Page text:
The Sandoses next reexamined a previous area of unresolved investigation. Mission San Diego, founded in 1769, became six years later the site of the first major uprising against Spanish colonial rule. The attackers burned the mission, took church objects, and violently killed the senior missionary Padre Jayme shooting his body through with arrows and crushing his face. It was a carefully planned military maneuver consisting of two war parties. One would destroy the presidio (fort) and the other assault the mission. The attack seemed to be without warning; yet there were clues. Since the mission’s founding in 1769, Christian evangelization had gradually brought forth newcomers to receive baptism. Suddenly, over the first four days in October 1775, 93 individuals accepted baptism representing over 20% of the total baptisms since the mission’s founding. Loyal Indians warned Padre Jayme that the new arrivals were plotting to overthrow the enterprise. In response, Jayme threatened to flog anyone who brought this charge again. He saw the increase in baptisms as representing a spiritual harvest granted to the Franciscans by their God. For years, scholars including the Sandoses, sought answers to explain the rebellion but, faced with contradictory evidence, failed to reach definitive conclusions.  Database and spatial analysis shed new light. By plotting the rancherías of all individuals baptized in those four days, a clearer picture emerged. Mapping revealed that each of these individuals came from rancherías south of the San Diego River and each village had participated in the rebellion. Thus, the uprising was not the result of isolated incidents of affront but a coordinated attack of affiliated rancherías south of the river against both the mission and most likely the rancherías to the north who had allied with the newcomers. Seemingly, it never occurred to the Spanish that the participants in this sudden influx, under the guise of seeking baptism, had come to the mission to scout the site and gather information to expel the invaders.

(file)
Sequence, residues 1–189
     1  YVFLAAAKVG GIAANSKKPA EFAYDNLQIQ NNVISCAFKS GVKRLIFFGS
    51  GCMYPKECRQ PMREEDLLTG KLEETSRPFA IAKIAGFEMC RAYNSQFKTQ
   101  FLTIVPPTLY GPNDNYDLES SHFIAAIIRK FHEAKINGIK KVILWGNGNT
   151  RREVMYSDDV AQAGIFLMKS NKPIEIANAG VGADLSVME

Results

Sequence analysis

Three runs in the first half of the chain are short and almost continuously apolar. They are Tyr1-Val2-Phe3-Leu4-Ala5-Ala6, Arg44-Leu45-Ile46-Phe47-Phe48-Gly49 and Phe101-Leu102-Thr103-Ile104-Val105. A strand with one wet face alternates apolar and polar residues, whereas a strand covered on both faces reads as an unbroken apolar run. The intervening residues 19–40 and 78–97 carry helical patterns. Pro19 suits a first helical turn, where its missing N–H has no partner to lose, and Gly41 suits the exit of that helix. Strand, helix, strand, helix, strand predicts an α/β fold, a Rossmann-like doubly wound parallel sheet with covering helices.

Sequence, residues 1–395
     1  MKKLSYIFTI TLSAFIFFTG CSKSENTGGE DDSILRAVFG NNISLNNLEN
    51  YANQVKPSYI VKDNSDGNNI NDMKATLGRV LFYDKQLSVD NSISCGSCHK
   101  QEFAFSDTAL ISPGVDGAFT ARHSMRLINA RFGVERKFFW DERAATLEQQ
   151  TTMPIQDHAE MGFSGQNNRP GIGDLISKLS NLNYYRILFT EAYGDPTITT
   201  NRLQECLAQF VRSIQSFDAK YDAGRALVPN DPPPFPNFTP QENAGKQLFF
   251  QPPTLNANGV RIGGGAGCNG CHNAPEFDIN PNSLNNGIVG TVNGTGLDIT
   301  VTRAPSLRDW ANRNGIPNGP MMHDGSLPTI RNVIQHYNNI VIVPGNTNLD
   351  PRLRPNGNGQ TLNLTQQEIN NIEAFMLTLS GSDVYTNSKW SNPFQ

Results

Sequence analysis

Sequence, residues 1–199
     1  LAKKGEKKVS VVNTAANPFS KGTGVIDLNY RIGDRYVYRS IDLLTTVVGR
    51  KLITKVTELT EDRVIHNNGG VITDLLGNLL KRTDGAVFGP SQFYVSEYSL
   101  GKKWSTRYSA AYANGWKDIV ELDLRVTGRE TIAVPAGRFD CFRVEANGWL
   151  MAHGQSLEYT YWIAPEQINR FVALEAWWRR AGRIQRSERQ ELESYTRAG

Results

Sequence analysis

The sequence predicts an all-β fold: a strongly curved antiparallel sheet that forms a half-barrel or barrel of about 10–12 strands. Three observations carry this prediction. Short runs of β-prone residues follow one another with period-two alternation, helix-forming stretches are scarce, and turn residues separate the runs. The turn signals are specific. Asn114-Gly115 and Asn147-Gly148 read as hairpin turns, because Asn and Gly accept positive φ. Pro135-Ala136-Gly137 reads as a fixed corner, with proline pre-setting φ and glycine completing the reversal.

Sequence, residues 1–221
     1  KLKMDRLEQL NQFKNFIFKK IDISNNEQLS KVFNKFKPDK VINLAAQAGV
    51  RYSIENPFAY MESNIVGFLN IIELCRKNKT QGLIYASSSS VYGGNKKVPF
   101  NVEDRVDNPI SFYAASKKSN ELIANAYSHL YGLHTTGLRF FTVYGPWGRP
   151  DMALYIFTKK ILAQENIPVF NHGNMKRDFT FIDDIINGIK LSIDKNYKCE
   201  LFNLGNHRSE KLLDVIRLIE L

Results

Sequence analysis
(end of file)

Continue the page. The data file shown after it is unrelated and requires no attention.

To bring their database and spatial research into the classroom, the Sandoses worked with Lisa Benvenuti, Spatial Resources Manager for the Center for Spatial Studies, to create The California Indian Seminar, an advanced research and mapping History class. In the course, students conduct original research into the mission databases and build a series of maps to bring forth the lives of selected individual California Mission Indians.  The class employs a thematic mapping approach to consider such issues as: tribal entry patterns, Indian accommodation and resistance to missionization, the impact of disease on native society, mission disruption of Indian life by gender, and Indian community building within the missions under externally directed social and religious change. Instruction in database research using Microsoft Excel and Access as well as visualization using ArcGIS Pro mapping software are key components of the class. Students invariably single out this first-hand experience with the databases and mapping software as important to their interest in the class. At the end of the semester, students comment that the course experience has allowed them to go beyond the conventional knowledge of the period and see the troubling issues of the era in a new and insightful way.